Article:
Monday, March 22, 2021
I have been privileged to have the opportunity to teach a seminar on marijuana reform nearly every year at The Ohio State University Moritz College of Law since way back in Fall 2013. This opportunity in part helped lead to (a) the creation of this blog in 2013, (b) the establishment of The Ohio State University's Drug Enforcement and Policy Center (DEPC) in 2017, and (c) the publication of the text Marijuana Law and Policy by Carolina Academic Press in 2020.
More broadly, teaching a seminar on marijuana reform multiple times over the last decade has been so interesting (and a lot of fun). Recent years have brought historic policy changes expressed in formal laws and market practices, in Ohio and nationwide, and law students have brought great energy and insights into the classroom as we work together to figure out the realities of the past, present and future of reform. (Some of the great work by students in my more recent marijuana reform seminars now appear in the DEPC's student paper series).
When I started teaching my marijuana reform class in 2013, I was not surprised to learn that there were few other courses like it and I knew I would need to assemble my own materials for classroom use. But now there are three law school texts dedicated to this topic (and another focused on illegal drugs), and yet it still seems as though there are relatively few classes in the typical law school curriculum focus on either the "war on drugs" generally or the changing legal landscapes of marijuana policy in particular.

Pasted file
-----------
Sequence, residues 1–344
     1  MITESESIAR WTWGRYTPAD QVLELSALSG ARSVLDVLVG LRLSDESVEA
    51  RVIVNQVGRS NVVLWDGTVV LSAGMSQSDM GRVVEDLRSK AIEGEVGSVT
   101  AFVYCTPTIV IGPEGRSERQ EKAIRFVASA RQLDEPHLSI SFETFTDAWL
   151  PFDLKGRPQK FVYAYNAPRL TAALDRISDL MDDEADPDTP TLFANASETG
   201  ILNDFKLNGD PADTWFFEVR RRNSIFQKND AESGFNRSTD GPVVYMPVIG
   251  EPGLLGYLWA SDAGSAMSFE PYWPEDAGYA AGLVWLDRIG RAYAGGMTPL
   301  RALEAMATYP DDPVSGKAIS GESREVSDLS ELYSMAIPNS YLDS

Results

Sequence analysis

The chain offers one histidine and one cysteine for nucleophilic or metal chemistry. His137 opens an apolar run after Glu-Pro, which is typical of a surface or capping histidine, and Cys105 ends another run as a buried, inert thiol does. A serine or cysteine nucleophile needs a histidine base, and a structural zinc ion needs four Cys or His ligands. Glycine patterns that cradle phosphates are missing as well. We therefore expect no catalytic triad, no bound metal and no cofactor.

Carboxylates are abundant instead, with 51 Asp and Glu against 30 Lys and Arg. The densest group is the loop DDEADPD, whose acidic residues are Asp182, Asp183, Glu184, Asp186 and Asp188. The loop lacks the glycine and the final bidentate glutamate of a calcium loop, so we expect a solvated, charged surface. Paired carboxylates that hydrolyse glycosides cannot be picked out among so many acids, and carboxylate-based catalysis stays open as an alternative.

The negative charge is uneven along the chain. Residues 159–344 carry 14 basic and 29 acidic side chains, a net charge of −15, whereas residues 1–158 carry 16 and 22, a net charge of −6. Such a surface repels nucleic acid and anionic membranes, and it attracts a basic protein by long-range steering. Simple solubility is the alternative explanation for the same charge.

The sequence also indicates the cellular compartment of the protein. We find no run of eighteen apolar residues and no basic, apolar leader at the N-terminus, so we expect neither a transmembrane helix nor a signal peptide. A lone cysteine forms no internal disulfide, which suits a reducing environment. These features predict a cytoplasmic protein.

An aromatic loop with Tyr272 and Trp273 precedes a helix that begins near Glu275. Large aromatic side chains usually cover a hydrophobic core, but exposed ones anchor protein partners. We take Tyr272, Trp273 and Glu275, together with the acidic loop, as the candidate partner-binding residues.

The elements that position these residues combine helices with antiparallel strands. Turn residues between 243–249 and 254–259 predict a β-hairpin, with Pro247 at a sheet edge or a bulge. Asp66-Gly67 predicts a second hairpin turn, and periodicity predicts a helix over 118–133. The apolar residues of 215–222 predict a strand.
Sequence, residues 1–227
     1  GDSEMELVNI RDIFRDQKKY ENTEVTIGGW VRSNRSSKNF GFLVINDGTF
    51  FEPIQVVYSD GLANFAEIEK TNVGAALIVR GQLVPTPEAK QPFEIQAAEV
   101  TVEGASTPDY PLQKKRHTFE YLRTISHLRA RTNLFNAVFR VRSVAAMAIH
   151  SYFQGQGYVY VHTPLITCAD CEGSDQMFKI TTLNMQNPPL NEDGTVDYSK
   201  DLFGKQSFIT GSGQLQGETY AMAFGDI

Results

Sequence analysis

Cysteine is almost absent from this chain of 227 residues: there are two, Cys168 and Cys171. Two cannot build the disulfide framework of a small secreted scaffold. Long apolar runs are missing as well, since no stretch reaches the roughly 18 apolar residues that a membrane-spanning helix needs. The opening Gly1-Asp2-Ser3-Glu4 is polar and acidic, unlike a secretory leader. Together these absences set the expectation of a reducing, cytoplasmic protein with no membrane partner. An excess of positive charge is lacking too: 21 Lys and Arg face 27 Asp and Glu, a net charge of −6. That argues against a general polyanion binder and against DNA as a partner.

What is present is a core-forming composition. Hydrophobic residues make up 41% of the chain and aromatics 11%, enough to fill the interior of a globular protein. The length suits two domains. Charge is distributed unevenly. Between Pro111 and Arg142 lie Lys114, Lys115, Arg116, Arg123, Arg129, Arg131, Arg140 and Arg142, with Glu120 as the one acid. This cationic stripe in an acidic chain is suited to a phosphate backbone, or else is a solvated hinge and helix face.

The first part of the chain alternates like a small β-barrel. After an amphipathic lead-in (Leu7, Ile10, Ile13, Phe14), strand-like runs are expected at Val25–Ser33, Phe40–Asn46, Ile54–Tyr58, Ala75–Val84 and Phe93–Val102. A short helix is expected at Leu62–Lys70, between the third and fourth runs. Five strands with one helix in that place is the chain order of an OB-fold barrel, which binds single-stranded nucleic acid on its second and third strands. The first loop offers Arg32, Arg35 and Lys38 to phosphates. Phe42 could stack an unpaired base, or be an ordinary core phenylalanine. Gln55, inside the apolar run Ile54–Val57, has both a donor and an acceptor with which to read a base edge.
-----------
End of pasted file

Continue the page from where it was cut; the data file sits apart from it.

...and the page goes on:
The Drug Enforcement and Policy Center has been engaged since its founding on how law schools currently approach these issues and to identify how drug policy and law could be better incorporated into law school curricula. In a April 2019 workshop, DEPC assembled 20+ legal scholars who work in this space to begin identifying law school courses currently taught and the primary obstacles to teaching this subject matter. Most recently, DEPC conducted a third survey of all accredited law schools in the U.S. on this topic. The results show that the vast majority of law schools do not teach courses touching on drugs or the evolving legal structures around cannabis, and this is true even for law schools located in states with legalized cannabis markets. (I am pleased that the Moritz College of Law is an exception, and I sincerely believe both law faculty and law students would benefit greatly from more attention to these issues in the law school curricula.)
In an effort to support more law schools offering law course dealing with drug-related issues and marijuana reform topics, DEPC has created this ever-developing website to host teaching resources, reports, course information and other content. As we continue to build out these resources, we’d like to get feedback as well as build a community of instructors teaching in this area.
Do you teach (or would like to teach) a law course touching on drugs or the legal structures around cannabis? Tell us about yourself and share your interest in future programing. Take the short survey at go.osu.edu/teaching-drugs-survey.